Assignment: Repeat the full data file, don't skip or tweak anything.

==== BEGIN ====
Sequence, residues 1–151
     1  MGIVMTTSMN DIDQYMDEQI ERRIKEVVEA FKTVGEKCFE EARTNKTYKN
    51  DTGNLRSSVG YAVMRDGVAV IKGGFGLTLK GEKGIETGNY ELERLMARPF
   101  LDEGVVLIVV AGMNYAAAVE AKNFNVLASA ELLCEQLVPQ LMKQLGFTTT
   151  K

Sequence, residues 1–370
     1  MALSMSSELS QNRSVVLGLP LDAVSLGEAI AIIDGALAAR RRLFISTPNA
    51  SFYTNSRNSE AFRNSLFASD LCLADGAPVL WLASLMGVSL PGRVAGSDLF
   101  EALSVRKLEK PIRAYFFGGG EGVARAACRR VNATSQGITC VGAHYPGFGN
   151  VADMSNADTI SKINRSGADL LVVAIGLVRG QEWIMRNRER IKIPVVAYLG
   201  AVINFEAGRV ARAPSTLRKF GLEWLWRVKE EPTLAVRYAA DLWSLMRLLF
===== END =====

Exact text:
Sequence, residues 1–151
     1  MGIVMTTSMN DIDQYMDEQI ERRIKEVVEA FKTVGEKCFE EARTNKTYKN
    51  DTGNLRSSVG YAVMRDGVAV IKGGFGLTLK GEKGIETGNY ELERLMARPF
   101  LDEGVVLIVV AGMNYAAAVE AKNFNVLASA ELLCEQLVPQ LMKQLGFTTT
   151  K

Sequence, residues 1–370
     1  MALSMSSELS QNRSVVLGLP LDAVSLGEAI AIIDGALAAR RRLFISTPNA
    51  SFYTNSRNSE AFRNSLFASD LCLADGAPVL WLASLMGVSL PGRVAGSDLF
   101  EALSVRKLEK PIRAYFFGGG EGVARAACRR VNATSQGITC VGAHYPGFGN
   151  VADMSNADTI SKINRSGADL LVVAIGLVRG QEWIMRNRER IKIPVVAYLG
   201  AVINFEAGRV ARAPSTLRKF GLEWLWRVKE EPTLAVRYAA DLWSLMRLLF